Predoctoral Fellowships FAQs

Fellowship awards support training in fields within the NIGMS mission. We encourage applications from candidates earning their Ph.D degree at a broad range of organizations across the nation and U.S. territories.

U.S. citizens or permanent residents seeking NIH support for biomedical research training must have identified a research sponsor and progressed to the Ph.D. dissertation research stage of their training. The research training project proposed in the application is typically related to the sponsor's research area and should be within the NIGMS mission. The candidate should describe training activities that will build skills and serve as a strong foundation for developing into a productive biomedical researcher. Applications to the Predoctoral Fellowship to Promote Diversity in Health-Related Research must include a letter from the applicant organization certifying that the candidate will contribute to diversity in the biomedical research workforce.

Skills development and career advancement are important objectives for the fellowship. The applicant and research sponsor should work together to develop a specific and effective training plan that will promote these objectives. The application should describe how the training environment is well suited for the development of the candidate. Including additional co-sponsors and mentors can contribute to a strong research training plan, regardless of the career stage of the research sponsor.

There is not an expectation that the fellowship application contains the candidate's original ideas, although the wording of the research training plan must be the candidates. Doctoral students typically begin graduate research under close supervision and direction while working on a project that is part of the research program of the sponsor. During the training, the candidate will acquire skills and knowledge and often will propose next steps in the research with increasing self-direction. Occasionally, the research training project will propose aims, collaborators, technical approaches new to the sponsor's research program. In these cases, the fellowship application should describe how the fellow will achieve them given the research training environment and resources.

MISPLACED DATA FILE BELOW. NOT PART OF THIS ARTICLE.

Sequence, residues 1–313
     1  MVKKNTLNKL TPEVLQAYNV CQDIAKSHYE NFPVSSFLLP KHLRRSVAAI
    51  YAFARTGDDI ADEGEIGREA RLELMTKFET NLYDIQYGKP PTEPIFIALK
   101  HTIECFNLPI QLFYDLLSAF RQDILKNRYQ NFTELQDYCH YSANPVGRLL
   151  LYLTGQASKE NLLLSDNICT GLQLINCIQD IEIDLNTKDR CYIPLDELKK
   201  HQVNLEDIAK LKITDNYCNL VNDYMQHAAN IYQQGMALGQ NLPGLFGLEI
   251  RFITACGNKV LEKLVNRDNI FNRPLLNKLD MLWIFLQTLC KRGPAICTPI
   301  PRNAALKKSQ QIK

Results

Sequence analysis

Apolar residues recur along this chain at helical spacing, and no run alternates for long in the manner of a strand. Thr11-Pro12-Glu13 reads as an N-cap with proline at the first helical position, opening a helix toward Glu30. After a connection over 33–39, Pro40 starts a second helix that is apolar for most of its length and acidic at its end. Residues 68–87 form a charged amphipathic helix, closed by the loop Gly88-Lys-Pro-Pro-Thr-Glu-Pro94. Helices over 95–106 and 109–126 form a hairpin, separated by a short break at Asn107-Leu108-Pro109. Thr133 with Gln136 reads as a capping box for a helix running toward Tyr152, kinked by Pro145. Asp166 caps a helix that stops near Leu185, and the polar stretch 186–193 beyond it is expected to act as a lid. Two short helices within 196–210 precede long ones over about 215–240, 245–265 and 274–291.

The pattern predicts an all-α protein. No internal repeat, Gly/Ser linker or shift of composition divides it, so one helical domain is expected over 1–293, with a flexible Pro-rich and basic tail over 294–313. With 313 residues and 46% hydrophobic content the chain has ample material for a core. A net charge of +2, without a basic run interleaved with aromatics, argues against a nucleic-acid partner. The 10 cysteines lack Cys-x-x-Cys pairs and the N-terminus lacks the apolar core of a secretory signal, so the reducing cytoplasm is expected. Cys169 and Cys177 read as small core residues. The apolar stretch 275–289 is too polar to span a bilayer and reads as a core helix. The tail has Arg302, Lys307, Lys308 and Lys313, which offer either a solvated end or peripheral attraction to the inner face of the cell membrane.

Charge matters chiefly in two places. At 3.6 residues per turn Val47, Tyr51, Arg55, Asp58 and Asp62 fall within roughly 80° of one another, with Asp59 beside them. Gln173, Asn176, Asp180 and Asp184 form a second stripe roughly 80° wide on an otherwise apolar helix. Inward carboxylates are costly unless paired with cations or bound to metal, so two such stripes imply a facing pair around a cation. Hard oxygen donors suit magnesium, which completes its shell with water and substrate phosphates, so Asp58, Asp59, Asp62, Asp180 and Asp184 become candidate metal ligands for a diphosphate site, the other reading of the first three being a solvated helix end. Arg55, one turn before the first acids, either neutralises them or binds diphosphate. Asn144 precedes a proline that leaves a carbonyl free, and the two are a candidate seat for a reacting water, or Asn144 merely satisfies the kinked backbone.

NIGMS supports basic biomedical research areas that might also be of interest to the National Science Foundation, various foundations, and other funders. It is important to demonstrate that the sponsor's research training environment has sufficient funds to support the proposed research.

NIGMS will not fund a predoctoral applicant who currently holds another fellowship award that essentially duplicates the support that would be received under the NRSA application.

In accordance with ongoing efforts to support family-friendly work environments for the NIH-supported workforce, NRSA fellowship awardees are now eligible to request additional funds for costs for childcare provided by a licensed provider. Requests may be made at the time of the competing application, as a "just in time" submission prior to receiving the award notice, in the annual progress report, or mid-budget period as an administrative supplement (see NOT-OD-21-070 and the associated notices, including NOT-OD-21-075). Eligible fellows are encouraged to consult the FAQs and the Grants Management Specialist on the Notice of Award.

Yes. Instruction in the Responsible Conduct of Research is an integral component of any training program. Successful completion of such instruction is required during Year 01 of a fellowship award. Instructional details must be reported in the Year 02 Progress Report. Full details about this policy requirement can be found in the NIH Guide Notice NOT-OD-10-019. This requirement is fulfilled if the fellow provides documentation that acceptable instruction has been completed within the last four years and during the current career stage.